Post-Election Advice for Your Plan by John NowakSubmitted by Moller Financial Services on November 9th, 2016
The race between the two most unfavorable presidential candidates in decades ended with a huge surprise, perhaps the biggest in election history. If there are any lessons learned (or reinforced) from this election, it is that even expert predictions and forecasts can be wrong. I expect many people on the internet/tv/radio will craftily and elegantly say what this means for the future of our country and the markets. Have they not learned anything? Reading into the election and extrapolating into the future – either fearful or hopeful for change – is not a good use of your valuable time.
For example, let’s look at Nate Silver’s FiveThirtyEight blog. Before moving into politics, Silver helped create a baseball player statistical forecasting system, called PECOTA, which is widely used today. In 2008, Silver took his analytic skills to politics and accurately predicted 49 of 50 state elections. In 2012, he nailed it – 50 for 50 state elections predicted. 2016 was different. Just hours before the election, FiveThirtyEight predicted had Clinton had a 71% chance of winning (77% for Pennsylvania) and getting over 300 Electoral College votes. Even the greatest forecaster cannot accurately predict an election on the same day. Why do some think their own or some other analyst’s predictions will come true?
In 1948, Thomas Dewey was largely expected to defeat Harry Truman for the presidency. Dewey was ahead 50% to 44% (with 6% allocated towards other candidates). The Chicago Tribune famously proclaimed “Dewey Defeats Truman.” The unexpected happened. Truman won 50% to 45% (with 5% allocated to other candidates). With this surprise, the stock market (S&P Composite) declined almost 6% that month and continued to decline another 8% over the next seven months. After that initial shock, the stock market would grow 73% until the next election in 1952.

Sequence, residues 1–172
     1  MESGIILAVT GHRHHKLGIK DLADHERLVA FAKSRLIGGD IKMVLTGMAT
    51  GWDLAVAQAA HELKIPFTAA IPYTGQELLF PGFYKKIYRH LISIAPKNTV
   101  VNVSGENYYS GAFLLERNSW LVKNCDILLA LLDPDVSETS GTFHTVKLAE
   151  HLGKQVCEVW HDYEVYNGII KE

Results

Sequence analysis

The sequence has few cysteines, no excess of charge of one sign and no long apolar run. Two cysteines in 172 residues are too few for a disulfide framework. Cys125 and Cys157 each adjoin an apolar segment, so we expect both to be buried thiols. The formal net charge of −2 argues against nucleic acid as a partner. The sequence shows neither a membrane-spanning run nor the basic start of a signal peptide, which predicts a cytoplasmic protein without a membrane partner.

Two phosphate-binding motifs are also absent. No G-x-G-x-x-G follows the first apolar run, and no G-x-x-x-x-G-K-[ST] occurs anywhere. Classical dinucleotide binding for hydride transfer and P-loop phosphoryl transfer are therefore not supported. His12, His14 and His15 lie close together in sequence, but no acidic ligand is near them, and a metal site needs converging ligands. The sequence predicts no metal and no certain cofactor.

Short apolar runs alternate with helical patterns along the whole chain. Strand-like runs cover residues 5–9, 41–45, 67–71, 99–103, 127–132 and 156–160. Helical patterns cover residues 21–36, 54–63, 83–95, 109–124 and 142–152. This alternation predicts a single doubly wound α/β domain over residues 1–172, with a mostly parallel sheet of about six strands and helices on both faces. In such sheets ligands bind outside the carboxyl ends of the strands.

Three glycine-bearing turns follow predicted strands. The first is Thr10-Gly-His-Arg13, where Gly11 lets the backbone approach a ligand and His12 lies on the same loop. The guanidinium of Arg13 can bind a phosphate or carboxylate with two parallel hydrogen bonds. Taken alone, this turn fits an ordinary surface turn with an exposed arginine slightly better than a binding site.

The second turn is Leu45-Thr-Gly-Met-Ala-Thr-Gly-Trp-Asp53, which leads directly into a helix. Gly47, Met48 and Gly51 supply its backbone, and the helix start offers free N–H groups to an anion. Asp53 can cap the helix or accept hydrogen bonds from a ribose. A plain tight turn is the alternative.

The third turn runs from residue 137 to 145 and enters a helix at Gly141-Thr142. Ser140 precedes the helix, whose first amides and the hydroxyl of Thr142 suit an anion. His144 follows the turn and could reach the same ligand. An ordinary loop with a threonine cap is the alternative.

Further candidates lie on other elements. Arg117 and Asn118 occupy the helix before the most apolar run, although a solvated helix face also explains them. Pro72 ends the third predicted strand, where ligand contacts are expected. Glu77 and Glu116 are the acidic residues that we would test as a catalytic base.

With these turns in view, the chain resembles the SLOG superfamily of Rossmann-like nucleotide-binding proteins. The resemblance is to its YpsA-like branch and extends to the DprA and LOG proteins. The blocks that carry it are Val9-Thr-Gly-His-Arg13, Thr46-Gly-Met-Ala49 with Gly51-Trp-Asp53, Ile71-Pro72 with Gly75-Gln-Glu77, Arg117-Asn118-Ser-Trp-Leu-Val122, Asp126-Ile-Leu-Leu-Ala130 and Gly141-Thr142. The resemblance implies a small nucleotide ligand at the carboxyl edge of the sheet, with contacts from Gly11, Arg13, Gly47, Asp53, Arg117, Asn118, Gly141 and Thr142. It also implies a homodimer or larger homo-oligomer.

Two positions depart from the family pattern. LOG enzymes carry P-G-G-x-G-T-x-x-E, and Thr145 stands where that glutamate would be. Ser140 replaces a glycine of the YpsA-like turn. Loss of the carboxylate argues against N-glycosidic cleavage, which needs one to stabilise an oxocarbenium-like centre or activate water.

One of our favorite investing quotes is “In the short run, the market is a voting machine, but in the long run, it is a weighing machine.” – Benjamin Graham (famous economist, legendary investor, Warren Buffett mentor). In other words, profitable companies provide value to investors over the long-term, but in the short-term stock prices are driven by emotions. We would not be surprised if there were big swings up and down as the market digests the surprising results of the election. Overnight, U.S. stock prices declined 5% only to fully recover by mid-morning. We expect that some investors will overreact based on emotions and not with a disciplined plan. This emotion-driven behavior is harmful to portfolios in the long-term.
History has shown (and we have consistently said) that while the 2016 presidential candidates were considered the two most unfavorable in over 30 years, Republican and Democrat presidencies have experienced similar positive long-term returns for stocks. While these election results were a surprise, our advice is not. There will be unforeseen events in the future, just as there have been in the past. Following a disciplined investment and financial plan is the time-tested way to build and preserve wealth in the long-term. We are here to help you along the way.
So, to reuse our advice from post-Brexit, Keep Calm and Carry On. If you would like to speak with us about your plan, please give us a call.